Daniel Blake Daniel Blake '11

Daniel is a third year Ph.D. student in the Higher Education Division at the University of Pennsylvania's Graduate School of Education and a Research Associate at the Penn Center for Minority Serving Institutions (CMSI). As a Cornell student, he spent a semester abroad in Jordan while participating in the inaugural cohort of NES's Intensive Arabic Program in the spring semester of 2010. He draws upon his experiences in the program while leading CMSI's research on students of color studying abroad and efforts to increase study abroad participation at minority serving institutions, which are colleges and universities known for educating racially underrepresented populations in higher education. In addition to his work on study abroad, Daniel researches faculty diversity and hiring practices.

Laura Fish Laura Fish '11

Laura is a doctoral student at University of Texas at Austin in Middle Eastern Languages and Cultures. Relying upon both her Persian and Arabic language knowledge, she focuses her studies on Iranian cinema, while also addressing Egyptian and Palestinian film. Her interests lie in determining the current digital distribution and viewing practices of mid-twentieth-century popular Iranian films through online platforms.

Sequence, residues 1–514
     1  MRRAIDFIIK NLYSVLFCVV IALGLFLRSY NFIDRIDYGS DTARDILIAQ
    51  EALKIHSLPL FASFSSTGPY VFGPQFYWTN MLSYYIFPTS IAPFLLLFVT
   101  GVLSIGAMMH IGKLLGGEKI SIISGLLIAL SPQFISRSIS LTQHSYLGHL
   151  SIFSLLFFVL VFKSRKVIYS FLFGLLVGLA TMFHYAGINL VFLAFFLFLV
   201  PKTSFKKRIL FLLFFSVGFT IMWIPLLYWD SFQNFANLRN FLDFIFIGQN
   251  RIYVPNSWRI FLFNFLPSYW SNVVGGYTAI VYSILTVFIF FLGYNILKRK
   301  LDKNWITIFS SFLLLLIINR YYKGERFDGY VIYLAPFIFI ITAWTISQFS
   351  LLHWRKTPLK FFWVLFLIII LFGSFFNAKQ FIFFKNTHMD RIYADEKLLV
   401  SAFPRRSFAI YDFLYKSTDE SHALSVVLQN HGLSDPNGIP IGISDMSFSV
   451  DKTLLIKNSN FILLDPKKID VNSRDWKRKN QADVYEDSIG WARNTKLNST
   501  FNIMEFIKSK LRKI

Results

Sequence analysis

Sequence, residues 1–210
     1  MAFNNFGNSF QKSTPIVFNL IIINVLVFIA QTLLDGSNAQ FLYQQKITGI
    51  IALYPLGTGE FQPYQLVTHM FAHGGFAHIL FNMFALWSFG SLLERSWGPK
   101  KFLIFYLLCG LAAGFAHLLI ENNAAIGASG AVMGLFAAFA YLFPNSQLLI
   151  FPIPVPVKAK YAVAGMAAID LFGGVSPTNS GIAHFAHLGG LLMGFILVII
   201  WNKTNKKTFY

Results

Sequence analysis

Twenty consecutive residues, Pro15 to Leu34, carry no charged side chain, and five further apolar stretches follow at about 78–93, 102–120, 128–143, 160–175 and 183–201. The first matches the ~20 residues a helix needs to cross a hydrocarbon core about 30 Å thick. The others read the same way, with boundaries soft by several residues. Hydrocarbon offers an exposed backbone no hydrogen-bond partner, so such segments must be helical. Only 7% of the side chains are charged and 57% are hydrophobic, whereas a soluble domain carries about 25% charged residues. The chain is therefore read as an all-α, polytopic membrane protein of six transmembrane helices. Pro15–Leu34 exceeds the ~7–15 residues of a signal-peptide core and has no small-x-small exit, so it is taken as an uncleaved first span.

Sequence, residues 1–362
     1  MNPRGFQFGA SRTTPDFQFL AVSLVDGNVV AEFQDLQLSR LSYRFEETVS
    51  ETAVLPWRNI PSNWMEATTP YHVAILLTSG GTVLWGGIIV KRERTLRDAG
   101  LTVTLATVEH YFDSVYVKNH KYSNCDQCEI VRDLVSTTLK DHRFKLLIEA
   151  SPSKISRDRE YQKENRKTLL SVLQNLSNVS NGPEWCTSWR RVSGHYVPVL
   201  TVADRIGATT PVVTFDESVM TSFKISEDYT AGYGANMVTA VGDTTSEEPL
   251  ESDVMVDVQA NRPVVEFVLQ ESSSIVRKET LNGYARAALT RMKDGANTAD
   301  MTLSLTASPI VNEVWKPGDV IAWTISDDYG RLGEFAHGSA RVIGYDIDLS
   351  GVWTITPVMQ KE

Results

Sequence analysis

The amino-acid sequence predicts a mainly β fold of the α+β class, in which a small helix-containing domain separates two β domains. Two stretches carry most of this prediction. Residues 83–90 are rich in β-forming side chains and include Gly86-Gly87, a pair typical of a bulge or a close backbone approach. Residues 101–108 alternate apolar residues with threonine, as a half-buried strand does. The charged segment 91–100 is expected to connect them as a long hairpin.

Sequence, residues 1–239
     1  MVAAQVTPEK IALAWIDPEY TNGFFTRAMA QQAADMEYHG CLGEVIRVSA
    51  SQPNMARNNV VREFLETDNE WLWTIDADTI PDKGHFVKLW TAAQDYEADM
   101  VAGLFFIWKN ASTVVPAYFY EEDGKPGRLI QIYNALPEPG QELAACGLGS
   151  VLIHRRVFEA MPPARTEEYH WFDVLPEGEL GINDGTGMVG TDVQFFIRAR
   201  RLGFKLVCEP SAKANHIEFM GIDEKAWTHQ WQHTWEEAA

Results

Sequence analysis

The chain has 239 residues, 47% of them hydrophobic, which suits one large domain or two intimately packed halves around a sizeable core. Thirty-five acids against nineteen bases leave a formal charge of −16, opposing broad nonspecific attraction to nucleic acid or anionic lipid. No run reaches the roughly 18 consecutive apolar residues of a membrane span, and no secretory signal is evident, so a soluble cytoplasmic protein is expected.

More recently, in 2013, Laura completed her Master's degree in Middle Eastern Studies at UT. Her thesis work focused on Iranian visual culture during the Iran-Iraq War.

Priscilla Cunha '10

Priscilla is currently an Arabic Teacher at Austin High School. In May 2016 she recieved an MA from the University of Texas at Austin, where she studied Applied Linguistics, with a focus on the Teaching of Arabic as a Foreign Language. She is particularly interested in the teaching of Arabic Culture in both K-12 and university-level settings.

She holds a Bachelor's Degree in Near Eastern Studies, Linguistics and German Studies from Cornell University, and during her undergraduate career she participated in the inaugural year of Cornell's Intensive Arabic Program and studied abroad for a semester at the Hashemite University in Zarqa, Jordan. She has also lived in Cairo, Egypt and Doha, Qatar. She speaks Levantine Arabic, Modern Standard Arabic, German and reads Classical Arabic and Latin.

Maurice Chammah Maurice Chammah '10